A common first response I've been getting when telling people that I'll be spending 8 weeks in South Korea next summer is, "Oh, wow, so are you going to learn Korean?" I usually just smile and avoid the question, but what I'm really thinking is, "Haha... yeah right!" While this is what I keep telling people, and even telling myself, there's that little voice in the back of my mind telling me that I really should make an effort. I don't know why I so often let that little voice rule my life, but again today, I gave in.

Somehow, despite the fact that I've been up since 7, running around all day and doing homework for the past three hours, I now find myself in bed, not sleeping, but you-tubing Korean lessons. I found a really great series of lessons of travel phrases all by this one same guy. He's pretty thorough. On the screen appears the English word, the Korean symbols for the word, and the Korean pronunciation of the word. The teacher explains the word, breaks it down into syllables, and then repeats it about 42 times, which seems like it would be enough to remember one word, but I've already managed to forget them all. But have no fear! Like the nerd I truly am, I took good notes...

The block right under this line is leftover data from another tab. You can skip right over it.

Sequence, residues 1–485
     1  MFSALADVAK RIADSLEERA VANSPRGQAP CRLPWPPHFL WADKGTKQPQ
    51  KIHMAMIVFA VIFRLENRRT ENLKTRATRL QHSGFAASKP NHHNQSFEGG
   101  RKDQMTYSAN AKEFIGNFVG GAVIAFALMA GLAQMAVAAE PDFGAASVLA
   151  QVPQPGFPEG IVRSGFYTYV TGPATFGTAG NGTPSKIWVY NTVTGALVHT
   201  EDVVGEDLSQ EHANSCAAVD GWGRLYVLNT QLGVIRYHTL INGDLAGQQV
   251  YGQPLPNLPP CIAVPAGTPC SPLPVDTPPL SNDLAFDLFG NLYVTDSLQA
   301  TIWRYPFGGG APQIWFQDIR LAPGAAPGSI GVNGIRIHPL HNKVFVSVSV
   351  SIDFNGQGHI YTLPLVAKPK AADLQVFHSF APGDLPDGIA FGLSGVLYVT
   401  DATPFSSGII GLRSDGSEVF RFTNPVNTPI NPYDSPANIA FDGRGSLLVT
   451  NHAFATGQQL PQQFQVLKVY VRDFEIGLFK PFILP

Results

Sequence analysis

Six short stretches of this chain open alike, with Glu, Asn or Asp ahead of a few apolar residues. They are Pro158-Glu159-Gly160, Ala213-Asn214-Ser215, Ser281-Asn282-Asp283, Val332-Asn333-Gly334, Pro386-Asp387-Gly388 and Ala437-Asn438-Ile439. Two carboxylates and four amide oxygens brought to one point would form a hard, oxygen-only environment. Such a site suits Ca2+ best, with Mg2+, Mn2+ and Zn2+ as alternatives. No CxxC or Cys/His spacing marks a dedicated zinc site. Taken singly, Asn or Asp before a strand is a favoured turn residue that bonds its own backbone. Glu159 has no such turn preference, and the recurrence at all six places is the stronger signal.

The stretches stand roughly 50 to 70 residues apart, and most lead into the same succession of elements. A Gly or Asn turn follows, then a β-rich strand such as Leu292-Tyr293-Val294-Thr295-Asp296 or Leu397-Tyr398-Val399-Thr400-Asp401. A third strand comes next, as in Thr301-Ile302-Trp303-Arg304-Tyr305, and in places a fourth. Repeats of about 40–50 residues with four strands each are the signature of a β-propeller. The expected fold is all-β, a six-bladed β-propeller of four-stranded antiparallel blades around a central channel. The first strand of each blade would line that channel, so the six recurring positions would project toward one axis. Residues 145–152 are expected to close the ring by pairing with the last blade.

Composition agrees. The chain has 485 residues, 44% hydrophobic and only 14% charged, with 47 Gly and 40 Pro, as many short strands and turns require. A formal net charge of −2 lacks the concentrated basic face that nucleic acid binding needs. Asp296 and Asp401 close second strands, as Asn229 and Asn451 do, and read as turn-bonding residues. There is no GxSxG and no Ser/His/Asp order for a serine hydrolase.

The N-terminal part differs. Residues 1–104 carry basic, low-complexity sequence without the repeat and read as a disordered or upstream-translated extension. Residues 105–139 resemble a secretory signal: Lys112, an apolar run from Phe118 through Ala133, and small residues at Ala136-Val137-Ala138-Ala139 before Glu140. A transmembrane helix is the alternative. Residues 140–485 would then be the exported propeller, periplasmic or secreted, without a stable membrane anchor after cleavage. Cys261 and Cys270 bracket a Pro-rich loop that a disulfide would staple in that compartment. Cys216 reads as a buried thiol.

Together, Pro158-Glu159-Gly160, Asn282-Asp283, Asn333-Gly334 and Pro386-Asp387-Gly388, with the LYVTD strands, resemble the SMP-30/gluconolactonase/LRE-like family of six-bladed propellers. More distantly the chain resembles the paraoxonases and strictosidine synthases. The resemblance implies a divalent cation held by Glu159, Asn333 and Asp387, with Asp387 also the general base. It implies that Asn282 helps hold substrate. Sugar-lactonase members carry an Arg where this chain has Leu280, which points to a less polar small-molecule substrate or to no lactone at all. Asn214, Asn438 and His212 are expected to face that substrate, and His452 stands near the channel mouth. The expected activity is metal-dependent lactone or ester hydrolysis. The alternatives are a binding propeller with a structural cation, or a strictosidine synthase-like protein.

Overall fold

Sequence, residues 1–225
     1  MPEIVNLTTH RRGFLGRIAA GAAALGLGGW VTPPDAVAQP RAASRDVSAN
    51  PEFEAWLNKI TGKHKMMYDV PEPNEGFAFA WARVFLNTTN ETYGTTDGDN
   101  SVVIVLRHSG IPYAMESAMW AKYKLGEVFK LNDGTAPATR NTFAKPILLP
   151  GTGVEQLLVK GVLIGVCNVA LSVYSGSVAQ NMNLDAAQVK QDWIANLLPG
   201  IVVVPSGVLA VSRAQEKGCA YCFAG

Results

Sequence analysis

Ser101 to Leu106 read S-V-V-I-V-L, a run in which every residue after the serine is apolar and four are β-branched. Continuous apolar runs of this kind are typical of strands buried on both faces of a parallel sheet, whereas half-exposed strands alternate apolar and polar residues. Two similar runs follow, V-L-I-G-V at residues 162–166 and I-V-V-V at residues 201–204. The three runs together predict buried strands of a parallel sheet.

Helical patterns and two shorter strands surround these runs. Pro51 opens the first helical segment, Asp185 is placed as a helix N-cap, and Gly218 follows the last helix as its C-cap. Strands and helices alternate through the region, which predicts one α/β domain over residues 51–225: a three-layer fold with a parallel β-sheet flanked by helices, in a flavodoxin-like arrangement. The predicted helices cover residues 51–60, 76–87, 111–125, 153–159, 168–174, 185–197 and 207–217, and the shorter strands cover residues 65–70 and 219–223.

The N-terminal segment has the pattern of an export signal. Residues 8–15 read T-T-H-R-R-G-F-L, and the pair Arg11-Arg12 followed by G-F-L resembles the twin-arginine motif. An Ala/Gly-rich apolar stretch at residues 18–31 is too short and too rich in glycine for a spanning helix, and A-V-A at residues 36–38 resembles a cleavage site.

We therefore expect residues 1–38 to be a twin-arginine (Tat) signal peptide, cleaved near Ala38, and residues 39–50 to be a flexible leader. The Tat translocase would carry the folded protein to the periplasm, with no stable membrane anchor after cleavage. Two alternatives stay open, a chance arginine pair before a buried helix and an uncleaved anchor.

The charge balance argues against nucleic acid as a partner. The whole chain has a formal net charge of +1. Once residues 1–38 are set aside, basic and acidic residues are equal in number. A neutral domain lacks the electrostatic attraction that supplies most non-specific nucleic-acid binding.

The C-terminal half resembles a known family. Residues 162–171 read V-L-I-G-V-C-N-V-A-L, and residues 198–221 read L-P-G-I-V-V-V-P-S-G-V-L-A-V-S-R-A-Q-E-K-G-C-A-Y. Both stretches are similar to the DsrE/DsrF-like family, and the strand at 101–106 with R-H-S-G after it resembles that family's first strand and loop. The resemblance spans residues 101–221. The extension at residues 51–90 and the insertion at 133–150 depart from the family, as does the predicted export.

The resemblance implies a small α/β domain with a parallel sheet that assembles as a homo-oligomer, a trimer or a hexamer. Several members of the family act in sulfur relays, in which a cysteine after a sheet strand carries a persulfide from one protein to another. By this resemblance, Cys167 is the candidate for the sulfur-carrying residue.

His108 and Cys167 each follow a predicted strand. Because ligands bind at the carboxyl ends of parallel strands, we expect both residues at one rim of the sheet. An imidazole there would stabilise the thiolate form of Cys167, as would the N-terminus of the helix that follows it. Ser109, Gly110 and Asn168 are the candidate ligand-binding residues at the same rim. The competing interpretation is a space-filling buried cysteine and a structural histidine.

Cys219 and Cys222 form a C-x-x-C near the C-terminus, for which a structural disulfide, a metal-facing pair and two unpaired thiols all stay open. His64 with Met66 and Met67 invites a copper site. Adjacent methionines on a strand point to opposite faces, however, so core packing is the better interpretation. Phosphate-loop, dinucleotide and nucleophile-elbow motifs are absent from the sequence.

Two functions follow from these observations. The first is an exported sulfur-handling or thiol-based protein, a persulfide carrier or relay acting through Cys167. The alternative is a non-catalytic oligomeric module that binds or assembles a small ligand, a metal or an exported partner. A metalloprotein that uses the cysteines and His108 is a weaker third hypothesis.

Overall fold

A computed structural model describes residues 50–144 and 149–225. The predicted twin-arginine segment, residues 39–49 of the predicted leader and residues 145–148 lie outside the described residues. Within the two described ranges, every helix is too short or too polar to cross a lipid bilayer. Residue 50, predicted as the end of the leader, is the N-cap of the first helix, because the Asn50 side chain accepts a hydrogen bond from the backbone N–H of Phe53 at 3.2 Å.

Hello/Good morning; afternoon; evening/How are you?/etc.--- Annyeonghaseyo (literally "Are you at peace?")

Yes--- Ye

No--- Ani-yo

Excuse me--- Silllyehamnida

I'm sorry--- Mianhamnida

Thank you--- Gamsahamnida

That's all right--- Gwaenchansseumnida

Thanks you--- Gomapseumnida

I read on another website that Korean was "remarkably easy to learn" because of all the consistencies. Personally, I'm not thinking that a language that has 18 letter long words is going to be a walk in the park, but I sure do hope I'm wrong.

Okay, now after all that I am definitely ready for some sleep.


Saturday, February 28, 2009